Make no mistake: Professional and state-sponsored cybercriminals are trying to compromise your identity -- either at home, to steal your money; or at work, to steal your employer’s money, sensitive data, or intellectual property.
Most users know the basics of computer privacy and safety when using the internet, including running HTTPS and two-factor authentication whenever possible, and checking haveibeenpwned.com to verify whether their email addresses or user names and passwords have been compromised by a known attack.
But these days, computer users should go well beyond tightening their social media account settings. The security elite run a variety of programs, tools, and specialized hardware to ensure their privacy and security is as strong as it can be. Here, we take a look at this set of tools, beginning with those that provide the broadest security coverage down to each specific application for a particular purpose. Use any, or all, of these tools to protect your privacy and have the best computer security possible.
Everything starts with a secure device
Good computer security starts with a verified secure device, including safe hardware and a verified and intended boot experience. If either can be manipulated, there is no way higher-level applications can be trusted, no matter how bulletproof their code.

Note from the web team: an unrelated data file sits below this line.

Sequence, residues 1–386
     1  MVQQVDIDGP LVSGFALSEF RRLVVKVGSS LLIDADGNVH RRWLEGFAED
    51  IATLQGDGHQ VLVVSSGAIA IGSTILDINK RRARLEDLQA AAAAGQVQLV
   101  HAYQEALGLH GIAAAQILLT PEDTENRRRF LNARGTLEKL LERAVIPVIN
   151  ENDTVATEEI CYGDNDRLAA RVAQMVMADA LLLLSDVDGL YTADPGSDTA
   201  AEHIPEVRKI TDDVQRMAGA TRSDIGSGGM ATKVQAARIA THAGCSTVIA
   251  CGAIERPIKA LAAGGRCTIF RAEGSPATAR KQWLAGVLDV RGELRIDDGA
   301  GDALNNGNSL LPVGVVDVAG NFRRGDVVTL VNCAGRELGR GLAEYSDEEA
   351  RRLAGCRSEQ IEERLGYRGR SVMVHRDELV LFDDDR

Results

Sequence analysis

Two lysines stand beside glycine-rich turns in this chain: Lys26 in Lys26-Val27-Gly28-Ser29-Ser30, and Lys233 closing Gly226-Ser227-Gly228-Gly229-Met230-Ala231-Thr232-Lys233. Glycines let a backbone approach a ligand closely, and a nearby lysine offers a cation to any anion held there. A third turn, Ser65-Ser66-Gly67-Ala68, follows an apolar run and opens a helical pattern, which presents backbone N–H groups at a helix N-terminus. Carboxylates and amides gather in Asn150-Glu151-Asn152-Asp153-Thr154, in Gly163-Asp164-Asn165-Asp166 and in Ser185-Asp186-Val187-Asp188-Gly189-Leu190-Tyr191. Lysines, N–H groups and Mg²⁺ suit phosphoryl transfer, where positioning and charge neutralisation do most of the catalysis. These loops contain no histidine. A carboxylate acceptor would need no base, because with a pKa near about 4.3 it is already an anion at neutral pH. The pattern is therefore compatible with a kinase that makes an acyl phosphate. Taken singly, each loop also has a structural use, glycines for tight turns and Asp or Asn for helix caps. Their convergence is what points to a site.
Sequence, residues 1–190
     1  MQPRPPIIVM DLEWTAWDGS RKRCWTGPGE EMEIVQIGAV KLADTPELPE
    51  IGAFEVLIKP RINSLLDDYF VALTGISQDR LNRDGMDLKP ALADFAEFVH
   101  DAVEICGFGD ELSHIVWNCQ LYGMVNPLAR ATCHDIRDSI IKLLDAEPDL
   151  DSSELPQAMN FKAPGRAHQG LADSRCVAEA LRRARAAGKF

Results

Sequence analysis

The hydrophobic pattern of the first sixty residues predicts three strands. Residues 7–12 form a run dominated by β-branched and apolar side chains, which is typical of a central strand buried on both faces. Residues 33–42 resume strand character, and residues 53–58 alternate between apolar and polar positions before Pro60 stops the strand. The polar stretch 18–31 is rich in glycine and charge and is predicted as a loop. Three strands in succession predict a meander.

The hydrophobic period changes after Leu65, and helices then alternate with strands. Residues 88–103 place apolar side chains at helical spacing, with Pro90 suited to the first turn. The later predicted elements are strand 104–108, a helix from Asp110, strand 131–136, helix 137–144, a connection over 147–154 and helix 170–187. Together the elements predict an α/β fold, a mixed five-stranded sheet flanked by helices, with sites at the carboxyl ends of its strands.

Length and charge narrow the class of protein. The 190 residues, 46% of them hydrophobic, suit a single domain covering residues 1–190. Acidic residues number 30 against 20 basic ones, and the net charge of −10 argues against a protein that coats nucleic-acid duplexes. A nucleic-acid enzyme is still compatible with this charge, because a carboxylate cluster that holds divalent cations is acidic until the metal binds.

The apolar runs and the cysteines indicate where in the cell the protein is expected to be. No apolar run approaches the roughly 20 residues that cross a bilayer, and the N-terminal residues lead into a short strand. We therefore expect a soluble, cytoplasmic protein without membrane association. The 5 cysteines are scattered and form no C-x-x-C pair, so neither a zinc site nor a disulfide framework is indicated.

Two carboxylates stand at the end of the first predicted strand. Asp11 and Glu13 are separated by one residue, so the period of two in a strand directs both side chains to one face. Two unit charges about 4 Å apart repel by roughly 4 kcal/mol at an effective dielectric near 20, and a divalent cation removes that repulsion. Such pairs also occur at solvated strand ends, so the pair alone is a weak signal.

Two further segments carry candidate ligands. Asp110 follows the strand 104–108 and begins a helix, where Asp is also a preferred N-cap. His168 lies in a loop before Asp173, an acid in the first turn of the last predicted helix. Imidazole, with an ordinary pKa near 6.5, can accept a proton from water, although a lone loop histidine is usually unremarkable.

Enter the Trusted Computing Group. Supported by the likes of IBM, Intel, Microsoft, and others, TCG has been instrumental in the creation of open, standard-based secure computing devices and boot pathways, the most popular of which are the Trusted Platform Module (TPM) chip and self-encrypting hard drives. Your secure computing experience begins with TPM.
TPM. The TPM chip provides secure cryptographic functions and storage. It stores trusted measurements and private keys of higher-level processes, enabling encryption keys to be stored in the most secure manner possible for general-purpose computers. With TPM, computers can verify their own boot processes, from the firmware level up. Almost all PC manufacturers offer models with TPM chips. If your privacy is paramount, you’ll want to ensure the device you use has an enabled TPM chip.
UEFI. Universal Extensible Firmware Interface is an open standards firmware specification that replaces the far less secure BIOS firmware chips. When enabled, UEFI 2.3.1 and later allow device manufacturers to “lock” in the device’s originating firmware instructions; any future updates must be signed and validated in order to update the firmware. BIOS, on the other hand, can be corrupted with a minimum number of malicious bytes to “brick” the system and make it unusable until sent back to the manufacturer. Without UEFI, sophisticated malicious code can be installed to bypass all your OS’s security protections.
Unfortunately, there is no way to convert from BIOS to UEFI, if that’s what you have.
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